Cold urticaria, also known as cold–induced urticaria, is a skin response that occurs shortly after exposure to cold temperatures. This reaction leads to the development of itchy hives on the skin.
Patient affected by cold urticaria can experience a wide range of symptoms. Some patients may only have mild reactions to cold exposure, while others may experience more severe symptoms. In most case, people with this condition might face significant drops in blood pressure, fainting, or even shock when exposed to cold environments, such as swimming in cold water.
There are two primary types of cold urticaria:
Cold urticaria is most commonly observed in young adults. If you suspect you are experiencing this condition, seeking advice from a medical professional is recommended. Treatment generally involves preventive measures such as taking antihistamines and avoiding exposure to cold air and water.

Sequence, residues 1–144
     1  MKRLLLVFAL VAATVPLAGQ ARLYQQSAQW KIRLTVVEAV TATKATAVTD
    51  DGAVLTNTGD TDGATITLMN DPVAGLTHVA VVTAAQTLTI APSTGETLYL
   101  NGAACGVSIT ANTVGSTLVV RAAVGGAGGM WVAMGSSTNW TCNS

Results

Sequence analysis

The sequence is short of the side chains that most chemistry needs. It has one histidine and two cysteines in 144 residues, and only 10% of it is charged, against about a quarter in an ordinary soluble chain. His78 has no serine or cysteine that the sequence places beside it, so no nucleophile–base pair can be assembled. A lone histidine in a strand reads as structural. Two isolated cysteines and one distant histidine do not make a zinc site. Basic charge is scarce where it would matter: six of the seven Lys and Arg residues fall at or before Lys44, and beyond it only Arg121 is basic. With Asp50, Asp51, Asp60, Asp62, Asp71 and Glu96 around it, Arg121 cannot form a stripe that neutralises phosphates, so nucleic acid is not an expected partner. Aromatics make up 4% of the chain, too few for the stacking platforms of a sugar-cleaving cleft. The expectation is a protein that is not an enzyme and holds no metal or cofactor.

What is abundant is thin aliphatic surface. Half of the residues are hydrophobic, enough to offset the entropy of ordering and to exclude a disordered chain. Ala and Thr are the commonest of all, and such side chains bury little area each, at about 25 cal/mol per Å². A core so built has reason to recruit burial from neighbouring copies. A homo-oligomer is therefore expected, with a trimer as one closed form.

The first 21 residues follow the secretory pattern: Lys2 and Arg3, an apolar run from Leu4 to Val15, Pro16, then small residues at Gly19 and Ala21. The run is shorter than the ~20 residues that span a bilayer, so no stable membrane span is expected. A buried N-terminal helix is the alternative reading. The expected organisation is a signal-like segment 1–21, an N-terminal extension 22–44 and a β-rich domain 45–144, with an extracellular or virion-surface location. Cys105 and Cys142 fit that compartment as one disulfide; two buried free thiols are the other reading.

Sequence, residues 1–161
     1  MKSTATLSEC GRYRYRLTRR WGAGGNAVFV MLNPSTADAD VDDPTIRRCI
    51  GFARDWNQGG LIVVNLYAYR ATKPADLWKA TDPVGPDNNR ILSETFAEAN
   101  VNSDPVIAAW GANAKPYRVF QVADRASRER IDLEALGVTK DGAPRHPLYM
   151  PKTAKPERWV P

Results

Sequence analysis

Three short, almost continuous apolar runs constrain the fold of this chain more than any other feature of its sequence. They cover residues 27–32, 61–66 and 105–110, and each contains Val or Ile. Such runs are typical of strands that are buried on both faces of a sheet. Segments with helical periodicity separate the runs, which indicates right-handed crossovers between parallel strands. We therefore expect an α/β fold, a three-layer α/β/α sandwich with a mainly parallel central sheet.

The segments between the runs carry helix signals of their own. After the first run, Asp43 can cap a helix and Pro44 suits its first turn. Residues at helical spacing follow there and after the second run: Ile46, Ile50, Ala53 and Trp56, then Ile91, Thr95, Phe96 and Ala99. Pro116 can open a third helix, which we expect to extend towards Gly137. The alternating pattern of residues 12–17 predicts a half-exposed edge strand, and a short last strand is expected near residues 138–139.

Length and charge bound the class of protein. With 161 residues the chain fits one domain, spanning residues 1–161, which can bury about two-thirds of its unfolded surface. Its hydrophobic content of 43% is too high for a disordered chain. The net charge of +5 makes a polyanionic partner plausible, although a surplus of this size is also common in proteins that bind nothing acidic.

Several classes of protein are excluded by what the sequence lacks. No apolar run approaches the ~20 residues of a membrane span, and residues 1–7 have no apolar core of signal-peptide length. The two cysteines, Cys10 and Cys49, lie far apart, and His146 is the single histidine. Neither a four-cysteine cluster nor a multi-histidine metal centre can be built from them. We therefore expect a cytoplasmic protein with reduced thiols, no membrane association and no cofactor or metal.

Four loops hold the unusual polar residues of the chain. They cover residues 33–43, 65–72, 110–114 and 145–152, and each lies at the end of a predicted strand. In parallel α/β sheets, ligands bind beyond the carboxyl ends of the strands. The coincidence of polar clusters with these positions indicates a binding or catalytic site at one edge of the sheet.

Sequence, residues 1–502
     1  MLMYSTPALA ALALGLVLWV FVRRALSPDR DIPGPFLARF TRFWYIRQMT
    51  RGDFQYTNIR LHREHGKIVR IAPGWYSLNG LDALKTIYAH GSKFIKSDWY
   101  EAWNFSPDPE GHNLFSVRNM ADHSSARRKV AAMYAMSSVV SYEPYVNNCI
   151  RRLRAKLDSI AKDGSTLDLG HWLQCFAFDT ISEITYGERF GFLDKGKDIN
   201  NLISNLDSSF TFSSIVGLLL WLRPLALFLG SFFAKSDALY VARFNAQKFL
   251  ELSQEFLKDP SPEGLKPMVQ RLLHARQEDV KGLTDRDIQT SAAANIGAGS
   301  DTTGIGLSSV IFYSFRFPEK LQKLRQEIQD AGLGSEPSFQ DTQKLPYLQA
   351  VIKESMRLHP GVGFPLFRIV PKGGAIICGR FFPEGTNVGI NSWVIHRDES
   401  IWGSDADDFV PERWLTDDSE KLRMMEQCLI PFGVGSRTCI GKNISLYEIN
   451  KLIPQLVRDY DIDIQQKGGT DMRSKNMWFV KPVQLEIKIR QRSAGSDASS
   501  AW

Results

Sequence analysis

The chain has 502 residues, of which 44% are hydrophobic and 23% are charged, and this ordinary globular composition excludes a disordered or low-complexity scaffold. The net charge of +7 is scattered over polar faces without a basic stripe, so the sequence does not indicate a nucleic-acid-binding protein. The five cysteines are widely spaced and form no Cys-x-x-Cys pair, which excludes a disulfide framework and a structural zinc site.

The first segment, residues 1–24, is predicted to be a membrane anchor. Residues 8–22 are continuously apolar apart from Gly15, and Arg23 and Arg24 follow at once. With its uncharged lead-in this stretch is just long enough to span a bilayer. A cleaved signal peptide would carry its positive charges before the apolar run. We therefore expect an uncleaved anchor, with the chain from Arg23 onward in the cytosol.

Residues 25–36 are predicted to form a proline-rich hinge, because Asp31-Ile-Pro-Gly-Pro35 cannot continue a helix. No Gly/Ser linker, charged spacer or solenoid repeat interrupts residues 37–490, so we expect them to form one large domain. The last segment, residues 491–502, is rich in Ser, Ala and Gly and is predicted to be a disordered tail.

Cold urticaria can show up with different signs and symptoms:
In more serious cases, these things might happen:
Symptoms of cold urticaria typically arise shortly after the skin encounters a sudden decrease in air temperature or cold water, and higher humidity and windy conditions can exacerbate these symptoms. Each episode usually lasts for approximately two hours. The most severe reactions often occur when the skin is fully exposed, such as during activities like swimming in cold water, which could potentially result in loss of consciousness and an increased risk of drowning.
The exact cause of cold urticaria is not fully understood. It seems that some individuals have skin cells that are very sensitive, possibly due to something inherited, a virus, or an illness. In most typical cases of this condition, exposure to cold makes the body release histamine and other substances into the blood. These substances lead to the development of hives and occasionally a reaction throughout the whole body.
Elevated risk for this condition is linked to the following factors:
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